By Michelle Francl-Donnay

My soul is longing and yearning, is yearning for the courts of the Lord.

– Ps. 84:2a

My sister-in-law has a marvelous eye for space and color. Her tiny house nestled in the hills of California simultaneously manages to look both lived in and like something out of a magazine spread. I, alas, have no such talent. In my house, the guiding principle of interior decoration is “less is more:” fewer socks on the floor, fewer dishes on the counter, fewer school papers on the stairs. I aspire to house organized, not house beautiful.

At least until this summer. It began when I read Sara Maitland’s “Book of Silence” in which she chronicles her search for her ideal home – an isolated hermitage. Everywhere I drive now – the hills of California, the coast of Maine, even the PA turnpike – I watch the scenery with an eye to where I would plant a hermitage.

I dream of a small adobe house, tucked into the fold of a hill, olive trees and vineyards spilling down the slope. Or a clapboard house on a island in Penobscot Bay in the midst of an apple orchard. In my imagination there is always a tiny chapel with warm frescoes, candles burning in front of a carved wooden crucifix and one small but exquisite stained glass rose window piercing the western wall. I’m starting to covet, not my neighbor’s house, but a house without neighbors.

Of course, each time I pull into the driveway, reality rapidly reasserts itself. As I dodge the bikes in the driveway and pick my way past the backpacks abandoned in the sunroom, I’m reminded that hermitages are not a practical residence for someone with teens, cat, fish and a husband. Still, the vision of light streaming through the stained glass at the end of the day and spilling onto the floor of the silent chapel remains tantalizing.

The psalmist, too, has dreams of a place in the courts of the Lord – with warm springs and abundant rainfall. St. Jerome, in reflecting on this psalm, urges us to take the psalmist at face value, to hear in this song our own desires for a real spot where we can have an altar, a place to sing to God. Not eventually, not in the life to come, but now.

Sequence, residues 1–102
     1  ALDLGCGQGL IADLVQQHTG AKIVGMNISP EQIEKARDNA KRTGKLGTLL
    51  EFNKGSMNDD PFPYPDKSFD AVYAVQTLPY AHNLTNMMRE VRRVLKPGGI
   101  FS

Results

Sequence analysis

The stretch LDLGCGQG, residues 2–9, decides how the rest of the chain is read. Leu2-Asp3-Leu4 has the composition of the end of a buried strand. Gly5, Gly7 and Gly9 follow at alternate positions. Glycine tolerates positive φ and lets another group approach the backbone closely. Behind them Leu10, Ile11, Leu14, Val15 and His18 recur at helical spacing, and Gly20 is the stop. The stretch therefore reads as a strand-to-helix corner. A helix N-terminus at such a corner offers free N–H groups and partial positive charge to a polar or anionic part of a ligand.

Perhaps it is not envy of the solitude that feeds my dreams, but an eminently reasonable desire to make more space for God. “The Catechism of the Catholic Church” sounds a similar theme: “The choice of a favorable place for prayer is truly not a matter of indifference” [2691]. I certainly can (and do) pray on the back stoop, but is that the best place? The Catechism encourages us to set aside a dedicated place for prayer.

In “Earthen Vessels: The Practice of Personal Prayer” Benedictine monk – and hermit – Gabriel Bunge offers a wealth of practical advice on creating a place of prayer. It should be secluded and peaceful, lit gently by candles or a lamp. Face east, face Christ on the cross. Add an icon of Mary, and one of a favorite saint. And have your tools for prayer close at hand: Sacred Scripture, a Psalter, a rosary, a book or two, perhaps a journal. Make a sacred space, even if it has to be tucked into a basket by the chair in your room.

I still don’t have the chapel of my dreams in the back yard, but I did organize myself an oratory. Tucked into what was once a cluttered closet in my study is an “orationis angulus,” a prayer corner. Beeswax candles from a local farm offer gentle illumination, a crucifix orients the space and, in place of the rose window, a mosaic of deep blue and gold spills light across the floor.

My oratory has not the graceful lines, nor the beauty of my parish church. It is perhaps only remarkable in my house for the lack of socks on the floor. But like the psalmist’s sparrows, I’ve built myself a nest within the walls of God’s temple, a hermitage within my house.

Michelle Francl-Donnay is a member of Our Mother of Good Counsel Parish in Bryn Mawr. She can be reached at:

The whole world is Your temple, shaped to resound with Your name.
Yet you also allow us to dedicate to Your service places designed for Your worship.

– From the preface for the dedication of a church